Shakespeare's tragedy, Othello, tells of a famed military leader, 'The Moor of Venice', who is tricked into believing that his wife, Desdemona, has been unfaithful. This belief eventually leads her to kills both her and himself.
In a famous speech from the play, just after he discovers Desdemona's alleged infidelity, Othello bids farewell to his former glories with the words,
"O farewell, farewell the neighing steed, and the shrill trump, The spirit-stirring drum, th-ear-piercing fife; The royal banner, and all quality, Pride, pomp and circumstance of glorious war!
And O you mortal engines, whose rude throats Th'immortal Jove's dread clamors counterfeit, Farewell! Othello's occupation's gone." (Act 3, scene 3)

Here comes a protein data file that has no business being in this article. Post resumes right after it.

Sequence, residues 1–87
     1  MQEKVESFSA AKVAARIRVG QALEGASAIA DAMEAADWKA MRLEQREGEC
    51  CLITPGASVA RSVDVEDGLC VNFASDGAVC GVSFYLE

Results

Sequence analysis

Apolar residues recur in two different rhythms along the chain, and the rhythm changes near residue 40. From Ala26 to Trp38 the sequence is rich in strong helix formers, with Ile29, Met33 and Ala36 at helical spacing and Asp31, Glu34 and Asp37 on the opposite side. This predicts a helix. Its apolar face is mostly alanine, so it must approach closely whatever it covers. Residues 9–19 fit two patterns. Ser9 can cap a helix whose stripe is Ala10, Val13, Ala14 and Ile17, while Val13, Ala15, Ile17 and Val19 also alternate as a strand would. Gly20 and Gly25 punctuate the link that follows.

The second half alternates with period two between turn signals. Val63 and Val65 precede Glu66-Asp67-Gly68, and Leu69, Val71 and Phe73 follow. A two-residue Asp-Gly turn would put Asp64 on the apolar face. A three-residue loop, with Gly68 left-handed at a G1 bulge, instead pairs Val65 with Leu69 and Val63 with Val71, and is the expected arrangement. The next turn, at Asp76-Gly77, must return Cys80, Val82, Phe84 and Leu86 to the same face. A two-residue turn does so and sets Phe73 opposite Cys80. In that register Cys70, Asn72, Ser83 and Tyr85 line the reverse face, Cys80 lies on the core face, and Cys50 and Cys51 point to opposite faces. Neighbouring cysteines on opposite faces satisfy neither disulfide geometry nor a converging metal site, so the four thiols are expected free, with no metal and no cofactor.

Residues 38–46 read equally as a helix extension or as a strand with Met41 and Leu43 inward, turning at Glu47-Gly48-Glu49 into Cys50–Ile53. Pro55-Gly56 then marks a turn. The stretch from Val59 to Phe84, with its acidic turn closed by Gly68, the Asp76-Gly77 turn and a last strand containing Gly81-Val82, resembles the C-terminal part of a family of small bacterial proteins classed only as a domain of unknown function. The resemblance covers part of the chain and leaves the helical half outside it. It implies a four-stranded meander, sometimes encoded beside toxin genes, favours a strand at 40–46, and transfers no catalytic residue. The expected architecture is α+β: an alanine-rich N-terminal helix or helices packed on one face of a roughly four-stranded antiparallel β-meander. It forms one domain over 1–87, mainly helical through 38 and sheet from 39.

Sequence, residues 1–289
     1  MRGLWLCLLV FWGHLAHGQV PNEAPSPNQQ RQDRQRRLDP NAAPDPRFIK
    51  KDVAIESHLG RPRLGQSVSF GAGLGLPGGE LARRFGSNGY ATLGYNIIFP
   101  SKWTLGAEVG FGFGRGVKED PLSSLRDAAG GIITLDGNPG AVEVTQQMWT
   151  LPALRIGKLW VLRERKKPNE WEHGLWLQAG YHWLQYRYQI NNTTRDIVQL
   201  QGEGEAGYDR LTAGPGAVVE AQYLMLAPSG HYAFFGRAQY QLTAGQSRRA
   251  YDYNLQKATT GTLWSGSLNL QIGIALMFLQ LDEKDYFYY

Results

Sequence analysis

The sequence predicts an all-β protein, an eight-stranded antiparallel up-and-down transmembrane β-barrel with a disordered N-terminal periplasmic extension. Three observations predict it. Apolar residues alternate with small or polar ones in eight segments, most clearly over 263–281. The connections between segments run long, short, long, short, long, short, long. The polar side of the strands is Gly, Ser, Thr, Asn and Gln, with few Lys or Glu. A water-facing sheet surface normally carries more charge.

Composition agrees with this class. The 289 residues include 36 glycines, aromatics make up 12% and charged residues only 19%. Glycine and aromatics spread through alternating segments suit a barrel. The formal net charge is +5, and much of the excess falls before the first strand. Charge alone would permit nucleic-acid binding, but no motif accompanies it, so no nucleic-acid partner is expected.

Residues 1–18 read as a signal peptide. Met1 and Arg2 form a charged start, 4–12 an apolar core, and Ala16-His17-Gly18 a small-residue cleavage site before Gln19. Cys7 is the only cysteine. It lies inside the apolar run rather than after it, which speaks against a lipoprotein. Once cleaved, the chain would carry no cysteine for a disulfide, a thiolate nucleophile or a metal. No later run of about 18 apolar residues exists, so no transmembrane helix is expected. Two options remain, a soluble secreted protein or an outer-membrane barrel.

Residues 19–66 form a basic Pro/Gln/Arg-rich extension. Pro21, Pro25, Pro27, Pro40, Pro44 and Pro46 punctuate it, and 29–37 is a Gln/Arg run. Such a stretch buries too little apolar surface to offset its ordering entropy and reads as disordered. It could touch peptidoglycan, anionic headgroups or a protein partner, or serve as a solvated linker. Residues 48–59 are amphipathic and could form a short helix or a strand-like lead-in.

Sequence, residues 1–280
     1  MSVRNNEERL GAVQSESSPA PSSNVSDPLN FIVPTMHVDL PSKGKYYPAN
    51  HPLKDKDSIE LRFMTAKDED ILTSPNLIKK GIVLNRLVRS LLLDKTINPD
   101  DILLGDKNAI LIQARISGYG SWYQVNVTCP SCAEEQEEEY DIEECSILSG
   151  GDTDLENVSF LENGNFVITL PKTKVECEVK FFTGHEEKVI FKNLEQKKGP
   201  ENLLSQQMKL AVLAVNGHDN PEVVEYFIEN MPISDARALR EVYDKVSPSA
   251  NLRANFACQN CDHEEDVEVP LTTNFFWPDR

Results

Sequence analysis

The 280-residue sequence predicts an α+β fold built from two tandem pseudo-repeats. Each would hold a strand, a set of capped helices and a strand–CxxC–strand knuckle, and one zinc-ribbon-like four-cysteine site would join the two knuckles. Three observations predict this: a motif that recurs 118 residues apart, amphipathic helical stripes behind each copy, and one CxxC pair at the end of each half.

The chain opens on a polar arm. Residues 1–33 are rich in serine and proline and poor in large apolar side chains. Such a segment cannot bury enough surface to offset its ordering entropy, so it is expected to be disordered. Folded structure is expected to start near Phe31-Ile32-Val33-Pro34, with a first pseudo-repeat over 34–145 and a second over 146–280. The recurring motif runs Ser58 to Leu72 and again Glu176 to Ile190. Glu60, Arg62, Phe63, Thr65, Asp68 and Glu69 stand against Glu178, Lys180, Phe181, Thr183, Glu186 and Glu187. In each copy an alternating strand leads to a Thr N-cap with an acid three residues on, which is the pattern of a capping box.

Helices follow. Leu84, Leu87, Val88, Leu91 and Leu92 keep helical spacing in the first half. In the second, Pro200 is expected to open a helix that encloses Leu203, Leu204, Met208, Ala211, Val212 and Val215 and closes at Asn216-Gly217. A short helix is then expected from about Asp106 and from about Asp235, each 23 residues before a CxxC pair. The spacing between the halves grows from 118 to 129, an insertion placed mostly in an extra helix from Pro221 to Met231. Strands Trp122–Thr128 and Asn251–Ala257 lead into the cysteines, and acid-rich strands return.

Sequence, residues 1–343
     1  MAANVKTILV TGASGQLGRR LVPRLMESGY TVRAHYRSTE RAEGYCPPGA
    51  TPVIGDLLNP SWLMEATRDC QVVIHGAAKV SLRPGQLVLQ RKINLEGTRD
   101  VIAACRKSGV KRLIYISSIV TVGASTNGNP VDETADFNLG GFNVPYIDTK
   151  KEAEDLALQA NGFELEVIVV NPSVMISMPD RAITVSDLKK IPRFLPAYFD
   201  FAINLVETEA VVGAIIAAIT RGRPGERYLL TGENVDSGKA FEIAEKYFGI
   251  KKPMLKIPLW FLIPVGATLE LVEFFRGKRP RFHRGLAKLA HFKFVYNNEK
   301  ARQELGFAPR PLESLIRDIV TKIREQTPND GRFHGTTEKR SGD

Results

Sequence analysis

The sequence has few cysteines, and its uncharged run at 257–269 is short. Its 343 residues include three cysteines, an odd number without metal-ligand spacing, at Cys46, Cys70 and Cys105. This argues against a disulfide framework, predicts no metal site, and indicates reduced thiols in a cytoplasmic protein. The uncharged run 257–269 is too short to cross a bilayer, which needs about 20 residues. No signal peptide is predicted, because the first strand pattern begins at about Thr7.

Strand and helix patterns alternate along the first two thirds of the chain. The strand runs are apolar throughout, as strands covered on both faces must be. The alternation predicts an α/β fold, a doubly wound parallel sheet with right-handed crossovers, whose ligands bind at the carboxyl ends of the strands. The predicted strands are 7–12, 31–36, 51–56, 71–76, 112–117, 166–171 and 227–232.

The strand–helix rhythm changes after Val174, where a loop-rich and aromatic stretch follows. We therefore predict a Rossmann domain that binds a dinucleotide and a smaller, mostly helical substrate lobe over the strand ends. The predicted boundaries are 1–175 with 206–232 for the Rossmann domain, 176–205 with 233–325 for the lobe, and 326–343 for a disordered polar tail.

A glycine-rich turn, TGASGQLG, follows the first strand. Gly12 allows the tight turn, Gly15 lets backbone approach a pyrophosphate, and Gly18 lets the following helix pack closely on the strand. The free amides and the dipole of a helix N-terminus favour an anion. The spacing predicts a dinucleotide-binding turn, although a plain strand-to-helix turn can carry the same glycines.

This passage lends the phrase, 'pomp and circumstance' to the English language, but also shows how Othello sees Desdemona's apparent betrayal as the end to all of his former happiness and success. There is no logical reason for her actions to impact on his military career but he connects the loss of her with the loss of all that is positive in his life. The Princess has lost the bond of trust between herself and the tigers, lost the tigers themselves, and now lost her outlet in music; without any of the elements which gave her purpose she is left bereft. Carter reuses the phrase relating to the shaman on page 264; it also appears in Wise Children (1991).